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Keywords:

  • biopsy;
  • eosinophils;
  • immunohistochemistry;
  • Langerhans' cells;
  • mast cells;
  • nasal mucosa;
  • rhinitis;
  • T lymphocytes

Background

The effect of long-term topical nasal corticosteroid therapy on nasal inflammatory cells is unclear.

Objectives

To investigate the long-term effect of fluticasone propionate aqueous nasal spray (FPANS) on nasal mucosal inflammatory cells and efficacy in a 1-year study in patients with perennial allergic rhinitis.

Methods

In a 1-year, double-blind, placebo-controlled study of duration we investigated the influence of a topical corticosteroid (FPANS), on Langerhans' cells (CD1a+ cells), T cells, mast cells, eosinophils and macrophages in nasal mucosa in 42 patients with perennial allergic rhinitis. Efficacy was evaluated by nasal symptom score.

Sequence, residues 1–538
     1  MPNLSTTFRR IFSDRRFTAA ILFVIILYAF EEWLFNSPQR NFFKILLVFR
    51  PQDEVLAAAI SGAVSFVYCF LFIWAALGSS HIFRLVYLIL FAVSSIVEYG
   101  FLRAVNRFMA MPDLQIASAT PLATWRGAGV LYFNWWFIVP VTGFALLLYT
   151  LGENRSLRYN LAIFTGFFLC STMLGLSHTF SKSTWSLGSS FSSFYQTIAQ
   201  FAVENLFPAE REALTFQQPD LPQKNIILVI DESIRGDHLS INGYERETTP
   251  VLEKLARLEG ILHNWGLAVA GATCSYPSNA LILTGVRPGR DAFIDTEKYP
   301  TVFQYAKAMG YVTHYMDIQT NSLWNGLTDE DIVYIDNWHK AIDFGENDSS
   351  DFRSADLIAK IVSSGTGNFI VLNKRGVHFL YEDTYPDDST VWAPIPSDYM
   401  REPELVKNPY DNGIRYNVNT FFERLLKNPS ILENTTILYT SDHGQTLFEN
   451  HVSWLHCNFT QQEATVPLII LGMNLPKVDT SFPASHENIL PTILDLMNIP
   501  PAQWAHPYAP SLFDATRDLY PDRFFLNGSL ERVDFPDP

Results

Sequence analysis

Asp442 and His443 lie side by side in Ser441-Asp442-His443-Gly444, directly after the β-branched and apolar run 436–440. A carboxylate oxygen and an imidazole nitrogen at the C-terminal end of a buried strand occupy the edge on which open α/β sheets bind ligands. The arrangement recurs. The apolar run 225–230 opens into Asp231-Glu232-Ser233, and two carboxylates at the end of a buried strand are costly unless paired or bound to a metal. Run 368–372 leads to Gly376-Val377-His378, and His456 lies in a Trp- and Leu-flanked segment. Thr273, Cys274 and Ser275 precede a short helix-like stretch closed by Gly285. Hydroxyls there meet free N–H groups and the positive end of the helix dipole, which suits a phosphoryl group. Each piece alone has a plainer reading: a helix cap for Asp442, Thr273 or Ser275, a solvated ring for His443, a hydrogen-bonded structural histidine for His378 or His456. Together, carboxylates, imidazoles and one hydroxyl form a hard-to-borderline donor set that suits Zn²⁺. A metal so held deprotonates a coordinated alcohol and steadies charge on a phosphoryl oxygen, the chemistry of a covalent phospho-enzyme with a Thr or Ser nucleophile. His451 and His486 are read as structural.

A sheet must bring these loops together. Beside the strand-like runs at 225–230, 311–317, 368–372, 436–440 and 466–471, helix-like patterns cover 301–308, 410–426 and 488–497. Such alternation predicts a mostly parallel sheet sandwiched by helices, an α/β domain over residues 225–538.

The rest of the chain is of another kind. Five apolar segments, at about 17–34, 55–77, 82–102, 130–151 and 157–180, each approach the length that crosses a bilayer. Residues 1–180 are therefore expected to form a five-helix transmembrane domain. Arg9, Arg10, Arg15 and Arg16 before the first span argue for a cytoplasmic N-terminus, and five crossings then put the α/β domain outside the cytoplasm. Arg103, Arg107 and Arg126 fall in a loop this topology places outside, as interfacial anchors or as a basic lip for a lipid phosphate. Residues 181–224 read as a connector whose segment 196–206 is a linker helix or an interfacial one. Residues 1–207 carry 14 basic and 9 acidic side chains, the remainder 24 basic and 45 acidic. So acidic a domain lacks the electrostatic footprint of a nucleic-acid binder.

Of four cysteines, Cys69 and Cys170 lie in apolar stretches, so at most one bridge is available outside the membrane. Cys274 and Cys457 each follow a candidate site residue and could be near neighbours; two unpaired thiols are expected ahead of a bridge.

Results

The FPANS group experienced significantly less sneezing and nasal itching compared with the placebo group. The total symptom score in the FPANS group declined significantly in comparison with baseline (P = 0.007) and placebo group (P = 0.009). After 1 year of active treatment, a significant decrease was seen in the epithelium in numbers of Langerhans' cells, CD3+, CD4+, CD8+ cells, mast cells and eosinophils. In the lamina propria, there was a significant decrease in eosinophils.

Conclusion

These findings show that FPANS treatment results in a decrease of nasal inflammatory cells. Furthermore, the efficacy of FPANS improves after prolonged treatment.